Actors: Bradley Cooper, Jennifer Lawrence, Robert De Niro, Jacki Weaver, Anupam Kher, Chris Tucker
Directors: David O. Russell
Rated: R (Restricted)
Studio: Starz / Anchor Bay
Release Date: April 30, 2013
Run Time: 117 minutes
Film: 4.5 out of 5 stars
Extras: 3.5 out of 5 stars
I am not a fan of sports films at all. When I first heard about this film, I thought that’s what it was but was I wrong. David O. Russell’s last film was “The Fighter” with Christian Bale and Mark Wahlberg, which I was not a fan of at all despite Bale’s amazing performance. So I was very hesitant seeing this film at first. I have to say after watch it one…twice…three times…it easily became one of my favorite films of last year. The performances in the film are absolutely stunning. I do not think I even spoke a word during my first viewing because I was blown away. When I think about Bradley Cooper, I do not think that he has this kind of a role in him but he was so amazing. Also before this film I was not a fan at all of Jennifer Lawrence, especially after the horrid “The Hunger Games” but she is now on my fav list. She was stunning in this film and really deserves the Academy Award that she won.
Besides the main two, the supporting cast is also amazing. Robert De Niro really gives one of his best performances in recent years. Probably one of the biggest surprises was from Chris Tucker, that’s right the say guy from “Rush Hour” series. He only had a small appearance but was very effective and memorable. David O. Russell does another wonderful job directing this film and adapting the script from the novel by Matthew Quick. He has this fantastic vision and really delivers it well to the screen. This film might seem like a light romantic comedy but it deals with some very heavy issues and at the drop of the hat just like the bipolar disorder it switches from genre to genre. That is why I absolutely loved this film it is very unpredictable and keeps you on your toes. If you haven’t seen this…don’t miss it.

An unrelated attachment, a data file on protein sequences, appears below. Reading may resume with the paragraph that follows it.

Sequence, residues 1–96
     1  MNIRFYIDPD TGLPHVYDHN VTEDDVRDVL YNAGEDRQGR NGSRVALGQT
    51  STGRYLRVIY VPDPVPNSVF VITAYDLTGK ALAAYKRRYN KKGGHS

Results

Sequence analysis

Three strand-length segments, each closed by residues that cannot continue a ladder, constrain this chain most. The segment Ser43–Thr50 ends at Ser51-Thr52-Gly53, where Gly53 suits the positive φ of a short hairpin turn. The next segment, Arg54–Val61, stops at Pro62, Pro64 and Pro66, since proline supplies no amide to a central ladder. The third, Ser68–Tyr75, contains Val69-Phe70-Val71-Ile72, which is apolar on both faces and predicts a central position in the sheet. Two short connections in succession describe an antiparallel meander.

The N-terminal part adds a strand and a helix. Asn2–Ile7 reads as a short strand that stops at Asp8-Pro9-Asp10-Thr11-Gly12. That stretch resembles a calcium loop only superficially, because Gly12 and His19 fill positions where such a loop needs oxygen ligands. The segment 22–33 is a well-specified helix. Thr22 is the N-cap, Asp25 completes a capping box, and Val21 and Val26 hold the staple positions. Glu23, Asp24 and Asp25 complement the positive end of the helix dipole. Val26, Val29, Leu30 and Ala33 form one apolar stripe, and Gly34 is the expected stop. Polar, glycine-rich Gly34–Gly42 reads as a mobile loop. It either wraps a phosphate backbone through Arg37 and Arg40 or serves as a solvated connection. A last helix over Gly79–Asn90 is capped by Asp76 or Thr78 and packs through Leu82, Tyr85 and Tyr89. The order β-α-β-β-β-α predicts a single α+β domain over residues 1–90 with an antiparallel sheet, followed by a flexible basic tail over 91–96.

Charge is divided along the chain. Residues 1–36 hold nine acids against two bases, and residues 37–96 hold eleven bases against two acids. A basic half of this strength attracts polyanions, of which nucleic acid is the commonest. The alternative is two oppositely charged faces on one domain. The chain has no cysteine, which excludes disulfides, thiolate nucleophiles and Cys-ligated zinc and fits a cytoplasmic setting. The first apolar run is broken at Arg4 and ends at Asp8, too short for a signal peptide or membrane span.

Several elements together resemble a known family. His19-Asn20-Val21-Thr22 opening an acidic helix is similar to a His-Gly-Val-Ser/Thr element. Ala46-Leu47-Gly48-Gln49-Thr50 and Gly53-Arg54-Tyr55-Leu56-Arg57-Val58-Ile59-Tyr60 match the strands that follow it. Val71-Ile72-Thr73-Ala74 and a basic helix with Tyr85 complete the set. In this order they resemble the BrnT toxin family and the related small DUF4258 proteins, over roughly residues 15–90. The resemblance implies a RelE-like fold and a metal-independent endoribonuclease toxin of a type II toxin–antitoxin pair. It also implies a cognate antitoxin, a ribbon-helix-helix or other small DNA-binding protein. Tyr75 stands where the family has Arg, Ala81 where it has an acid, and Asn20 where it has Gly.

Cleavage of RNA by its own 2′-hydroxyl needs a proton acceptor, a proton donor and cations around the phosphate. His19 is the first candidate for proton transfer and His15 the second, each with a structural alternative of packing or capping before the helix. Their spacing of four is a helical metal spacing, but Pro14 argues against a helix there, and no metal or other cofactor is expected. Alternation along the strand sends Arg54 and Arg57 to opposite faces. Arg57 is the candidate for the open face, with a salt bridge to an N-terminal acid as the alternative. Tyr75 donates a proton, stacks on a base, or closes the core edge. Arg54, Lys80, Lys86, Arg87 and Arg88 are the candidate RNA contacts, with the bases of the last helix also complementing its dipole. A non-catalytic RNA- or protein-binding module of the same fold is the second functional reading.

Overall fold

Official Premise: Life doesn’t always go according to plan. Pat Solatano (Bradley Cooper) has lost everything — his house, his job, and his wife. He now finds himself living back with his mother (Jacki Weaver) and father (Robert DeNiro) after spending eight months is a state institution on a plea bargain. Pat is determined to rebuild his life, remain positive and reunite with his wife, despite the challenging circumstances of their separation. All Pat’s parents want is for him to get back on his feet-and to share their family’s obsession with the Philadelphia Eagles football team. When Pat meets Tiffany (Jennifer Lawrence), a mysterious girl with problems of her own, things get complicated. Tiffany offers to help Pat reconnect with his wife, but only if he’ll do something very important for her in return. As their deal plays out, an unexpected bond begins to form between them, and silver linings appear in both of their lives.
Starz / Anchor Bay delivered a very impressive combo pack release. We get both a Blu-ray and DVD disc copy of the film. There are also two digital copies including Ultraviolet and iTunes. I always prefer Ultraviolet, since it doesn’t take up space on your handheld devices and can be accessed anytime. The 1080p transfer is beautifully presented with an aspect ratio of 2.40:1. The cinematography in the film is so well-done including the handheld camera work, which I am usually not a fan of. The DTS-HD Master Audio 5.1 works very well with the snappy dialogue and the music, especially the big dance scene.
The special features are quite impressive on this Blu-ray release. There are nearly 30 minutes of deleted scenes included, which are quite impressive and a must watch for any fans of the film. “Silver Linings Playbook: The Film that Became a Movement” is a great feature on the production with interviews from cast and crew. “Q&A Highlights” are complied of various sessions with Russell, De Niro, Cooper, Lawrence and more. “Learn to Dance Like Pat and Tiffany” is a great ‘learn how’ feature with choreographer Mandy Moore on the moves seen in the film. The last two features are short but still fun. “Dance Rehearsal” has the duo showing us a few of their moves but runs under two minutes. Lastly, “Going Steadicam with Bradley Cooper” is a joke feature with Cooper taking the camera for less than a minute. Overall great extras, except the only let down is that there are no commentary tracks. I would have love to seen cast and crew giving their insight on the production.